Qualcomm’s board of directors unanimously rejected an acquisition proposal from rival Broadcom, saying that they are turning down the latter’s $121 billion bid. “Qualcomm ‘unanimously rejected’ an ‘unsolicited proposal’ to buy all of its shares at $82 each, of which $60 would be cash and $22 stock,” TechCrunch reported on Friday.
The multinational semiconductor company says that it is still undervalued at $121 billion. Broadcom had made a revised offer to Qualcomm on February 6, up from the previously proposed deal price of $70 per share.
“The board wrote a letter to Broadcom, stating it is worth more, specifically because your proposal ascribes no value to our accretive NXP acquisition, no value for the expected resolution of our current licensing disputes and no value for the significant opportunity in 5G,” the report added.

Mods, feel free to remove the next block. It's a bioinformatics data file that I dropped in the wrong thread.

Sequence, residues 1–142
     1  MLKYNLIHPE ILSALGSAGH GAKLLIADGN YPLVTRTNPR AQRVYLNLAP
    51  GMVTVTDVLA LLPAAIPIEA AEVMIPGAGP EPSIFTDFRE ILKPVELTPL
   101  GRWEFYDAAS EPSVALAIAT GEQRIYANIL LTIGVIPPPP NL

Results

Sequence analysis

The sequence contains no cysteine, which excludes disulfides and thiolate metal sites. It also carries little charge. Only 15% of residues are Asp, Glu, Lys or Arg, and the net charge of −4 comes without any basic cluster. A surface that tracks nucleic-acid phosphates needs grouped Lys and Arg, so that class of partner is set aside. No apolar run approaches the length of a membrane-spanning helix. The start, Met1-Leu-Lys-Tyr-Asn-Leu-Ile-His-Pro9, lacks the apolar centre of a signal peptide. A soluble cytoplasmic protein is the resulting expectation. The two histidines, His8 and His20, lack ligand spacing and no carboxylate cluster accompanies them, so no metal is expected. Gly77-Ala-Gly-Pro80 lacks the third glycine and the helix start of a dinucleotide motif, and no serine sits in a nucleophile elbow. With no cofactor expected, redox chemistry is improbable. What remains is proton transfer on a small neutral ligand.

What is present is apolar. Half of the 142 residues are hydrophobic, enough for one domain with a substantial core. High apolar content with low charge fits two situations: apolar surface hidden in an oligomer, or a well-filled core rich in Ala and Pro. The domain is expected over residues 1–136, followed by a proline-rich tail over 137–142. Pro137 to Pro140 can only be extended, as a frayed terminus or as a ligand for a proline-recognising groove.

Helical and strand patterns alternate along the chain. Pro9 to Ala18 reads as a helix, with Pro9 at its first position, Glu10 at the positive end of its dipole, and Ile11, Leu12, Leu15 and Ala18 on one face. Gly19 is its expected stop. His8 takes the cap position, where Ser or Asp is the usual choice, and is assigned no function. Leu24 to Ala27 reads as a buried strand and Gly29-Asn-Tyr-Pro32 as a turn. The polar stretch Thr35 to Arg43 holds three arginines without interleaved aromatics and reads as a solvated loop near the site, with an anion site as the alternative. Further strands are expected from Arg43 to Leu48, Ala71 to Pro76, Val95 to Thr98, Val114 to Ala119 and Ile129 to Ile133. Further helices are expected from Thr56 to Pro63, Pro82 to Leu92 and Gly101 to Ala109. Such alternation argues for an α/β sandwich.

However, Qualcomm chairman Paul Jacobs did not completely strike out the prospect of a deal, according to CNBC. He also reportedly said the Qualcomm board would be open to meeting with Broadcom to explore “all options for maximising shareholder value”.
Qualcomm, which has locked horns with Apple over patent licensing practices, sells both chips and charge a patent royalty for nearly all smartphones sold globally. Notably, some major Chinese smartphone manufacturers have expressed concerns about the deal due to Broadcom’s track record of cutting spending on research and raising chip prices. According to a report, Samsung also appeared to be siding with Qualcomm.